1. Left lung atelectasis

His chest x-ray shows rapidly increasing density in the left chest with left lung volume loss. The tip of the endotracheal tube is visible in the trachea. Pleural effusion can cause increased density in the chest but is not associated with volume loss unless there is accompanying atelectasis. His CXR about 12 hours after his intubation is shown in Figure 2.

Figure 2. Chest x-ray the next morning after being on volume control ventilator settings overnight. The rapid clearing of the density on the right is consistent with atelectasis.

After transfer to the ICU, his neurologic exam was significant for inability to open his eyes bilaterally, blurred vision (after manual opening of his eyelids), dilated but reactive pupils (8 mm) and symmetric, bilateral, proximal muscle weakness with intact sensation but absent reflexes. He was able to move all 4 extremities spontaneously and could communicate by writing.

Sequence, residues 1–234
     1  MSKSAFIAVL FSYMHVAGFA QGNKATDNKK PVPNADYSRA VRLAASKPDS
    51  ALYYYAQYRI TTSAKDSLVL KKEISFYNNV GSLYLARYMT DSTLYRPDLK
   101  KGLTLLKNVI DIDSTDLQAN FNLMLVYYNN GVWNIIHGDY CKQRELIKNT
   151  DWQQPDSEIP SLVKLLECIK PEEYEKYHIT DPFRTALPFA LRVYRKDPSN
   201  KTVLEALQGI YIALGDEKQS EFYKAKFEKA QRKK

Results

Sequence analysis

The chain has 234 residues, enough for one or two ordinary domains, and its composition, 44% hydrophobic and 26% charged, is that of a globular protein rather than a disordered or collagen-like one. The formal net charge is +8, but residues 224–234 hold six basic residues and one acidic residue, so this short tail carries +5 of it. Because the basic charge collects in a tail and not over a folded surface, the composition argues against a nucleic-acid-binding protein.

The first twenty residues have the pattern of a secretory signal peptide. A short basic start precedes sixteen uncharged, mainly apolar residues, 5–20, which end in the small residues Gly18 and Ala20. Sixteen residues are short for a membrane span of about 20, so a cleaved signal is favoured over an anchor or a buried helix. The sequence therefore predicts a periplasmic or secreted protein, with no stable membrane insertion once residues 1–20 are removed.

Which diagnosis is least likely given the presentation? (Click on the correct answer to proceed to the third of four panels)

  1. Amyotrophic lateral sclerosis
  2. Botulism
  3. Guillain–Barré syndrome
  4. Lambert Eaton myasthenic syndrome
  5. Myasthenia gravis

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